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      Fast Radio Bursts with Extended Gamma-Ray Emission?

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          Abstract

          We consider some general implications of bright gamma-ray counterparts to fast radio bursts (FRBs). We show that, even if these manifest in only a fraction of FRBs, gamma-ray detections with current satellites (including Swift) provide stringent constraints on cosmological FRB models. If the energy is drawn from the magnetic energy of a compact object such as a magnetized neutron star, the sources should be nearby and very rare. If the intergalactic medium is responsible for the observed dispersion measure, the required gamma-ray energy is comparable to that of the early afterglow or extended emission of short gamma-ray bursts. While this can be reconciled with the rotation energy of compact objects, as expected in many merger scenarios, the prompt outflow that yields the gamma-rays is too dense for radio waves to escape. Highly-relativistic winds launched in a precursor phase, and forming a wind bubble, may avoid the scattering and absorption limits and could yield FRB emission. Largely independent of source models, we show that detectable radio afterglow emission from gamma-ray bright FRBs can reasonably be anticipated. Gravitational wave searches can also be expected to provide useful diagnoses.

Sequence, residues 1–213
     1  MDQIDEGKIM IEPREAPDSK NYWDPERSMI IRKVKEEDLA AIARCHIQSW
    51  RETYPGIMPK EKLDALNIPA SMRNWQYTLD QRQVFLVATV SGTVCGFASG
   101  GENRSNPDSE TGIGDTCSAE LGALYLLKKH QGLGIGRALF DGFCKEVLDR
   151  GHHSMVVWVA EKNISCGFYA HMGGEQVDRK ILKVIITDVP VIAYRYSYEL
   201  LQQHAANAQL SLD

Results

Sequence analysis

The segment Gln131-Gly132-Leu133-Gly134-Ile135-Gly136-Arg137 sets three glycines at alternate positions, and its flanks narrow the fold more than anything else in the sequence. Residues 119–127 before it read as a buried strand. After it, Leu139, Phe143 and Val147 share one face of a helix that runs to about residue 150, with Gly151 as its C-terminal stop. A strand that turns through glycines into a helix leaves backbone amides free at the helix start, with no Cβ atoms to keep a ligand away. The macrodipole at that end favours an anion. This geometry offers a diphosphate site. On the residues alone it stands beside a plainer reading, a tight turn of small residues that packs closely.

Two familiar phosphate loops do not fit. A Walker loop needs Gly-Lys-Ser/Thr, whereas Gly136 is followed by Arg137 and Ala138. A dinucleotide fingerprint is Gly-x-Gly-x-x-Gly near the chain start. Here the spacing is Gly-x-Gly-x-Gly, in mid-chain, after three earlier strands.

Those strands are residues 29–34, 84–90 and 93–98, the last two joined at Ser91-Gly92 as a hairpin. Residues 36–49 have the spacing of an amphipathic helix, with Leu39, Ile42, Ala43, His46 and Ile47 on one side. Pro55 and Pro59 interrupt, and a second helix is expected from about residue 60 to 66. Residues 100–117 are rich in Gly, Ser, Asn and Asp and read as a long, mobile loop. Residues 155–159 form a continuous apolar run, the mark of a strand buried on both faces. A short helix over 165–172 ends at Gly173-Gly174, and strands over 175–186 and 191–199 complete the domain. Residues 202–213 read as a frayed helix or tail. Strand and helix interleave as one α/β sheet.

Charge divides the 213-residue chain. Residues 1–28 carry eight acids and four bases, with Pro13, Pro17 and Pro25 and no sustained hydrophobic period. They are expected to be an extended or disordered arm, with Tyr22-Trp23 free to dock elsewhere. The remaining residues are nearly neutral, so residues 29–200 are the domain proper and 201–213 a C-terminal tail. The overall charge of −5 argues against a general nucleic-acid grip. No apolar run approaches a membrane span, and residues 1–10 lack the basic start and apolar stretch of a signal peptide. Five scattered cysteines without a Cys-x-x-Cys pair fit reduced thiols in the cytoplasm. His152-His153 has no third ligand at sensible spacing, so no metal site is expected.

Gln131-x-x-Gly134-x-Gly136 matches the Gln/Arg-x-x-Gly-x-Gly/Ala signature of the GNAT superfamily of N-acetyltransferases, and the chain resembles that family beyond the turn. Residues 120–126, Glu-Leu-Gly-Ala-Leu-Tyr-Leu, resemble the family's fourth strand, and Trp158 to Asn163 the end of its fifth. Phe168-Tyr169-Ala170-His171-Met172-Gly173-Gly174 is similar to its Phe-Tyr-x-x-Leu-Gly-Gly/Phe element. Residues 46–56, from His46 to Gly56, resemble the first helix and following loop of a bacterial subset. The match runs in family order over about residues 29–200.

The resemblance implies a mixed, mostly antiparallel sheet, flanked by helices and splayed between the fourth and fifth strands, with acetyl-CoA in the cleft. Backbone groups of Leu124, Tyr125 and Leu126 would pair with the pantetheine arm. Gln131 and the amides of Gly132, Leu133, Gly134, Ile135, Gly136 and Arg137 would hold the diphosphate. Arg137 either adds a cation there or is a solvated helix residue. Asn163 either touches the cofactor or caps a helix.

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          Author and article information

          Journal
          2016-11-11
          Article
          1611.03848

          http://arxiv.org/licenses/nonexclusive-distrib/1.0/

          Custom metadata
          8 pages
          astro-ph.HE astro-ph.CO

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